let foo = "foobar".characters

let index = foo.index(foo.startIndex, offsetBy: 3)
let bar = foo.suffix(from: index) // "bar"

foo[index] // "b" :slight_smile:
foo[bar.startIndex] // "f" :frowning:

So does this mean that we can’t assume that collections and their subsequences share their indices (which could be very handy), or is this just a bug related to String.CharacterView?
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swift-users@swift.org <mailto:swift-users@swift.org>
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(Dave Abrahams) #4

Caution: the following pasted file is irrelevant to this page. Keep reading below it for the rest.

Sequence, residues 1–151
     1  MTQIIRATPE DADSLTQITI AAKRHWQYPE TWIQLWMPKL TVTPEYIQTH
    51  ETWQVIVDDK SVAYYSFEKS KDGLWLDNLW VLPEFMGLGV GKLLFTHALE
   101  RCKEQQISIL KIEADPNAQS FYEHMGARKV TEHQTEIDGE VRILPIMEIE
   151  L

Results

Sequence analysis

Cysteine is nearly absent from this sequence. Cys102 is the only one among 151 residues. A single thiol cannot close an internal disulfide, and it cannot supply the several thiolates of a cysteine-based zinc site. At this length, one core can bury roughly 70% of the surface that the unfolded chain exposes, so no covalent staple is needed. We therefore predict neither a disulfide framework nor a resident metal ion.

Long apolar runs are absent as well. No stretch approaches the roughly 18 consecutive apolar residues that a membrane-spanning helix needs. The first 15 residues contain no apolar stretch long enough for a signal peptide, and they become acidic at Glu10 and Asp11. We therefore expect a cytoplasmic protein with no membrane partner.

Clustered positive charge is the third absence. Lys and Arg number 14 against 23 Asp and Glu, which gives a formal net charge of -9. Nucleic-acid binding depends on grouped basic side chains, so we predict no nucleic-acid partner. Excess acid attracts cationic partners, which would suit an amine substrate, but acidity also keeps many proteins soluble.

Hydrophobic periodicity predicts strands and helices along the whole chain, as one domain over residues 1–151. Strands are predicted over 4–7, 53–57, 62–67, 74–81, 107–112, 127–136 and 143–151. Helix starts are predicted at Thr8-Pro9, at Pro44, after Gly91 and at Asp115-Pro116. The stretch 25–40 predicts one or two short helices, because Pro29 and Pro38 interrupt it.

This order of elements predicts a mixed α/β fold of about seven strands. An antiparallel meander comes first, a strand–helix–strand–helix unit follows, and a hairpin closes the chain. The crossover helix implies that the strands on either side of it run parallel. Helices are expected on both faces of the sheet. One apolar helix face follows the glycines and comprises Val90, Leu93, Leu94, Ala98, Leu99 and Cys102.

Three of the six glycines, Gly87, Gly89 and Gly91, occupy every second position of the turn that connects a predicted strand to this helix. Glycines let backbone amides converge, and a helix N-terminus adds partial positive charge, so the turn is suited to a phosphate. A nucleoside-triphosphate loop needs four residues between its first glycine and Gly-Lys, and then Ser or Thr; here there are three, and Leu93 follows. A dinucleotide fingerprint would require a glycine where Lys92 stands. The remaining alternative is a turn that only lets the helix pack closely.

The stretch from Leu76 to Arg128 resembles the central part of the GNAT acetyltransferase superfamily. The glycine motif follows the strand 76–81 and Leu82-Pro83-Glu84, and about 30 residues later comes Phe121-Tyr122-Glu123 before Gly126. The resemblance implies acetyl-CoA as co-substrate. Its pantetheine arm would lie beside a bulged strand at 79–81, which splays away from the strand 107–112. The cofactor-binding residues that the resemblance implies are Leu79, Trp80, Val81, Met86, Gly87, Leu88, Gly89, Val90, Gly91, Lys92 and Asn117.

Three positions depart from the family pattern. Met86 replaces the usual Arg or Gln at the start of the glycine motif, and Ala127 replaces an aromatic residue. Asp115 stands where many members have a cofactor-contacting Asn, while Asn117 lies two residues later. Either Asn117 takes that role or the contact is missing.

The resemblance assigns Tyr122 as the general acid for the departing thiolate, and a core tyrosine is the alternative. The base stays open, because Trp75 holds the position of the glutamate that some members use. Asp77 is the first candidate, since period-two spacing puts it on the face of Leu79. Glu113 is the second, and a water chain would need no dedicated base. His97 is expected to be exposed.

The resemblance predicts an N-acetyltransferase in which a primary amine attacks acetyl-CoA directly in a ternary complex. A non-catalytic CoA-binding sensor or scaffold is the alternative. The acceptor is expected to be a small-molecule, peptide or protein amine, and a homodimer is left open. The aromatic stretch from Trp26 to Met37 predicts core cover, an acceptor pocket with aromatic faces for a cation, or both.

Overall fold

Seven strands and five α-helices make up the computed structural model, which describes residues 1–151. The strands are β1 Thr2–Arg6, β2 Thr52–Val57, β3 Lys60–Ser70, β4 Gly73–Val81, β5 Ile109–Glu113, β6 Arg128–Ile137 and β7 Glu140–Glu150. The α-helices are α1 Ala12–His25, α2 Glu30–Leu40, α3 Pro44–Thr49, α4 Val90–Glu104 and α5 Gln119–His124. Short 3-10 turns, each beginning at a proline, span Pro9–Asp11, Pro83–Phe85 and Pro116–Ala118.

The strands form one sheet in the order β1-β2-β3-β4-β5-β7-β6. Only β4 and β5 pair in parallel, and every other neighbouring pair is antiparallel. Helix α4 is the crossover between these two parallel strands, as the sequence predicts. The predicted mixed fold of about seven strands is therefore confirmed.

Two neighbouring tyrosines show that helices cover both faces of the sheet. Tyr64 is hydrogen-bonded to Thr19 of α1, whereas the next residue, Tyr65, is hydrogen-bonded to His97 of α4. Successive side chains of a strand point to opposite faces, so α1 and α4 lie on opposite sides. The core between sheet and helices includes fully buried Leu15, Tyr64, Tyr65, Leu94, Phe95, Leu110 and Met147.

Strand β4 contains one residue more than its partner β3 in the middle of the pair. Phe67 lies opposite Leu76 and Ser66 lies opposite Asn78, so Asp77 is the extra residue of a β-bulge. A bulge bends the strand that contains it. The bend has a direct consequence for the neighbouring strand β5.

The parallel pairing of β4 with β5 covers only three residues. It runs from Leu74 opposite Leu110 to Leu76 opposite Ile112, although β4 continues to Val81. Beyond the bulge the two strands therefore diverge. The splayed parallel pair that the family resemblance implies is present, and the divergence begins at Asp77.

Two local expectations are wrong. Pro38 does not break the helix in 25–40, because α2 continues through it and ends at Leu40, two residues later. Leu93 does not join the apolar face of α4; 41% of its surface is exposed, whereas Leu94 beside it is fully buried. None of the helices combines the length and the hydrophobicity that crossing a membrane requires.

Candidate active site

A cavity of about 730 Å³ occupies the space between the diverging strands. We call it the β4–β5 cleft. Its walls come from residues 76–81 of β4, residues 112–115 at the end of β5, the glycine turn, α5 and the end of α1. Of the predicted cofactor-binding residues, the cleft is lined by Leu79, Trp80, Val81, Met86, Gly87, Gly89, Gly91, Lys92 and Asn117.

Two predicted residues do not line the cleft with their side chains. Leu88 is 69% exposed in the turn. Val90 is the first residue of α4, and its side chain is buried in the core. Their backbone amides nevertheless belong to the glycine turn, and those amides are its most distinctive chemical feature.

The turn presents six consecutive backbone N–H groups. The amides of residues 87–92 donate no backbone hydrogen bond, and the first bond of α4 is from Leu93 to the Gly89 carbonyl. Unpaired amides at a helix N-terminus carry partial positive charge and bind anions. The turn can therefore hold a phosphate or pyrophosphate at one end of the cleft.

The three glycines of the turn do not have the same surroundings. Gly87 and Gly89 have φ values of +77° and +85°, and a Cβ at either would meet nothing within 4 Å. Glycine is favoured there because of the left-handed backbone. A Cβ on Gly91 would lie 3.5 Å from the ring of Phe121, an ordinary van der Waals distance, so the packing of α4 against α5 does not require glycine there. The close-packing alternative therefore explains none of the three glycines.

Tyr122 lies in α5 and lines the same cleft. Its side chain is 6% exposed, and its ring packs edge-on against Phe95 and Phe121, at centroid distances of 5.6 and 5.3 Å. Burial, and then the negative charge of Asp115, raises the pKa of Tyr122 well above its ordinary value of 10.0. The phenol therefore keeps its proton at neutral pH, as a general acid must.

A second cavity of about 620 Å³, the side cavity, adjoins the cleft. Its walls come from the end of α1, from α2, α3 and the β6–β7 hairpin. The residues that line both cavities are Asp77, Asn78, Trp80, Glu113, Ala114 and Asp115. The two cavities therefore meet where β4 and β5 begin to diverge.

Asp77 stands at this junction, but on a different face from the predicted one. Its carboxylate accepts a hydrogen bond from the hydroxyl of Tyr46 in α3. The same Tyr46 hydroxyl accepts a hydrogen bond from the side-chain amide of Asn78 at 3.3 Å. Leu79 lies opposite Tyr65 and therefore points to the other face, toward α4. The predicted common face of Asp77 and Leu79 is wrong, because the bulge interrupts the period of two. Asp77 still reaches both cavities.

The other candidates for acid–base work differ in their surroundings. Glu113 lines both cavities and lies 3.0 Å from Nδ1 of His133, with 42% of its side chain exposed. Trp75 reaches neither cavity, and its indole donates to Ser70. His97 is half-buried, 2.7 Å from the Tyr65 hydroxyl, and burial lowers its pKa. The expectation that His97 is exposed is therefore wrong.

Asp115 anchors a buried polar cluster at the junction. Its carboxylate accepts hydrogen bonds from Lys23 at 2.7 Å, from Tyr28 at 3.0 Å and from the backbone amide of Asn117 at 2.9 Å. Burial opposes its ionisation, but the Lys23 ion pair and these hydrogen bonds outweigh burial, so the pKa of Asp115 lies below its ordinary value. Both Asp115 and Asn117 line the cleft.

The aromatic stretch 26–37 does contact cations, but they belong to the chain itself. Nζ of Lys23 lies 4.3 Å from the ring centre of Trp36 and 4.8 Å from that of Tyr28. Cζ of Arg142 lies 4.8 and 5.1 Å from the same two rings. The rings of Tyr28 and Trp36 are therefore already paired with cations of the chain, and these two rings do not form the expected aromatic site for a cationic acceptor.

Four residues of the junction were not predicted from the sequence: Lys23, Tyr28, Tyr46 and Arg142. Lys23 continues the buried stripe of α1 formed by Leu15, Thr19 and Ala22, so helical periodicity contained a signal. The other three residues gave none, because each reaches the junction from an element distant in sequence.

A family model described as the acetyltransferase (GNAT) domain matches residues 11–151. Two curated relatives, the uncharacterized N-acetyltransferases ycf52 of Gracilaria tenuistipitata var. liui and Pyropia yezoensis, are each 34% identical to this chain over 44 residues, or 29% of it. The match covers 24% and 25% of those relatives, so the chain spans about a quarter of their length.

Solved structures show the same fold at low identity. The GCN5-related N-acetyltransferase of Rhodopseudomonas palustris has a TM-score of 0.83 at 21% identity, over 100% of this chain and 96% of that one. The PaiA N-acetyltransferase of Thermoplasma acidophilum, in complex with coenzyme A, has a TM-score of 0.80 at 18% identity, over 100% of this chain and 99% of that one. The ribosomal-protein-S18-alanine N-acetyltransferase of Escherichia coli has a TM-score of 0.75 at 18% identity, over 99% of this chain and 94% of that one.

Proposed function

Is it a requirement that collections share indices with its
subsequence?

Yes.

Array and ArraySlice do share indices, which is why ArraySlice isn’t
zero-based, and I think this is convenient. But String.CharacterView
doesn’t seem to share indices with its subsequence (which is
String.CharacterView as well).

That's a bug.

Consider this example:

let foo = "foobar".characters

let index = foo.index(foo.startIndex, offsetBy: 3)
let bar = foo.suffix(from: index) // "bar"

foo[index] // "b" :slight_smile:
foo[bar.startIndex] // "f" :frowning:

So does this mean that we can’t assume that collections and their
subsequences share their indices (which could be very handy), or is
this just a bug related to String.CharacterView?

The latter.

···

on Thu Oct 13 2016, Tim Vermeulen <swift-users-AT-swift.org> wrote:

--
-Dave


(Hooman Mehr) #5